Headless Humanoids??
February 21, 2007 11:10 AM   Subscribe

Cryptozoology question!

I'm looking for the well-known illustrations from the account of that "explorer" (whose name I don't remember) who published tales of fantastical beasts and strange humanoids hundreds of years ago.

In particular, I'm looking for the drawings of the headless people with faces growing out of their stomachs.

I know someone is probably going to answer this in mere minutes; I just haven't been able to turn up anything no matter how industriously I set Google loose on it.
posted by hermitosis to Grab Bag (11 answers total) 4 users marked this as a favorite
 
The headless creatures are called anthrophagi.
posted by Alvy Ampersand at 11:43 AM on February 21, 2007


D'oh, see also blemmyea.
posted by Alvy Ampersand at 11:47 AM on February 21, 2007


I found pictures of the blemmyes and the giant-footed sciapods in Sebastian M√ľnster 's Cosmographia.
posted by moonmilk at 11:51 AM on February 21, 2007


Prester John was the mythical king of India. The explorer was probably Sir John Mandeville (links to a relevant extract from his work).
posted by nasreddin at 11:54 AM on February 21, 2007


Hey, is that a dufflepud?
posted by DU at 11:56 AM on February 21, 2007


Yep, that's what I'm looking for. Even knowing the name will make a big difference. Thanks a million!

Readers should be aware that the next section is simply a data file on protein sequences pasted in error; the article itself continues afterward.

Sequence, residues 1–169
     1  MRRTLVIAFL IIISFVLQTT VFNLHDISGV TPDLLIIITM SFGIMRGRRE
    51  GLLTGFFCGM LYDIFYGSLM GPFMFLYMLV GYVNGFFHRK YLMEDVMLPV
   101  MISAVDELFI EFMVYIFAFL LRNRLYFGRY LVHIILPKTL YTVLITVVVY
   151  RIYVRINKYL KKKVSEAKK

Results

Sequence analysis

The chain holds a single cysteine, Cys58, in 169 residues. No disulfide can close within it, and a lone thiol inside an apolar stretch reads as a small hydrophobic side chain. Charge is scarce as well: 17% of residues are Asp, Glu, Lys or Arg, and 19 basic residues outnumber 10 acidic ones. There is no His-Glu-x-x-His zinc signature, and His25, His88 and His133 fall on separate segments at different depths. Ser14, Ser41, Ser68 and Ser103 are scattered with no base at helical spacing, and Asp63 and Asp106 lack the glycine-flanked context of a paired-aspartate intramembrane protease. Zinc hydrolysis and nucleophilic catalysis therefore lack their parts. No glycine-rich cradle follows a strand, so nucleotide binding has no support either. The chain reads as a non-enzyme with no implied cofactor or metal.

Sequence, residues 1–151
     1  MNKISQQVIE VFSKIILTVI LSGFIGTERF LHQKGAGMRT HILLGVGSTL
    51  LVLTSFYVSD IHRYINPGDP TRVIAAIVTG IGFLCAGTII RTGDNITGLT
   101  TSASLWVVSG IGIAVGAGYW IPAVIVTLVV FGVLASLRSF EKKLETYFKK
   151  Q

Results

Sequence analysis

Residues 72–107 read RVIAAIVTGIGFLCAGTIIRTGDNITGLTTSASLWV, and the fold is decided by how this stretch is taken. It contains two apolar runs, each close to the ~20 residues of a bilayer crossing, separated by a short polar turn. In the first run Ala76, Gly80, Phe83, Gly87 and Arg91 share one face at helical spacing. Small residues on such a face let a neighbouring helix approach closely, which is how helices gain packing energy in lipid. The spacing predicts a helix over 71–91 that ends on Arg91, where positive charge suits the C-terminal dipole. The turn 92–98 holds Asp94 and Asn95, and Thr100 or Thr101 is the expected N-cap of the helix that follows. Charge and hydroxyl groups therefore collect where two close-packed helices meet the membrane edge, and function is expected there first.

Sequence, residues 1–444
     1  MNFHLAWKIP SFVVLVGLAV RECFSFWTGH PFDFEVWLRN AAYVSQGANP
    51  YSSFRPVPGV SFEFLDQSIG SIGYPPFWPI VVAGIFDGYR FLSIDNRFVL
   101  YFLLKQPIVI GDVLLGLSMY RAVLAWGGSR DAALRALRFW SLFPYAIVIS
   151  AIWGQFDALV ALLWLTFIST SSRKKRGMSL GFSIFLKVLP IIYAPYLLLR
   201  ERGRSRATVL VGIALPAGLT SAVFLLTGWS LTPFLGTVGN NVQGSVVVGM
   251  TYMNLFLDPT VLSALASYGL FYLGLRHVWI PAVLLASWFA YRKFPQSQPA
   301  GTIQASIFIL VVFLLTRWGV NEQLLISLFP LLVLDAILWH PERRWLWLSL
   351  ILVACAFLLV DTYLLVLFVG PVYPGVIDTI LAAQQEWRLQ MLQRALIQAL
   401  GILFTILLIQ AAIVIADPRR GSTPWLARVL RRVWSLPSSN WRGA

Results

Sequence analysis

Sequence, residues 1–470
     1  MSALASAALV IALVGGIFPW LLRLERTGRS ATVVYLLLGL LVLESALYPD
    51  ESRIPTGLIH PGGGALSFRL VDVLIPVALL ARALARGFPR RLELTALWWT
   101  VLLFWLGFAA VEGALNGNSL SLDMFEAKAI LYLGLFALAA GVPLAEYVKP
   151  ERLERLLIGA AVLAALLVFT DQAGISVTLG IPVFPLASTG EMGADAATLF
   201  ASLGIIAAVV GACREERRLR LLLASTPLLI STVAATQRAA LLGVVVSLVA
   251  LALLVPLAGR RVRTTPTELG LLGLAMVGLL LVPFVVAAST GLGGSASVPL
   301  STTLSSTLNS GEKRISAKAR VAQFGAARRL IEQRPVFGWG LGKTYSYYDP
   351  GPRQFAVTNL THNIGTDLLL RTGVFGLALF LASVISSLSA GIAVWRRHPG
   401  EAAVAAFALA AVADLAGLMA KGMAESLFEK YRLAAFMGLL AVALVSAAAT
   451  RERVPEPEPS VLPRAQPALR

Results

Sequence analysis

posted by hermitosis at 11:59 AM on February 21, 2007


I think the drawings you want come either from the Nuremberg Chronicle (scroll down a bit to "Strange People: Headless") or from Pliny the Elder's Naturalis Historia.
posted by ourobouros at 12:12 PM on February 21, 2007


Alvy&: an anthro(po)phagi is someone who eats people; from anthro (man) and phagi (eater). Even says so in your link.

Which of course (for total derail bonus points) reminds me of Flanders & Swann's Reluctanct Cannibal.
posted by polyglot at 4:15 PM on February 21, 2007


polyglot: My first(Hasty, damn me) response was based on a confused memory of high school Shakespeare; having read Baudolino a couple of years ago I knew anthropophagi wasn't the term I wanted, hence my "D'oh" follow-up. The misspelling was just me being cockfingered. :)
posted by Alvy Ampersand at 7:59 PM on February 21, 2007


I have a copy of The Travels of Marco Polo which has blemmyes, sciapods, dragons, unicorns, and men with dog's heads. I believe the illustrations are from a 14th-century French version of Polo's travels, Livre des Merveilles du Monde, in which the illustrator took some liberties with Polo's descriptions. They're the more colorful images in the linked search (but doesn't show the creatures you're looking for, sorry.)
posted by steef at 6:29 AM on February 22, 2007


Wait, here's an example.
posted by steef at 10:51 AM on February 22, 2007


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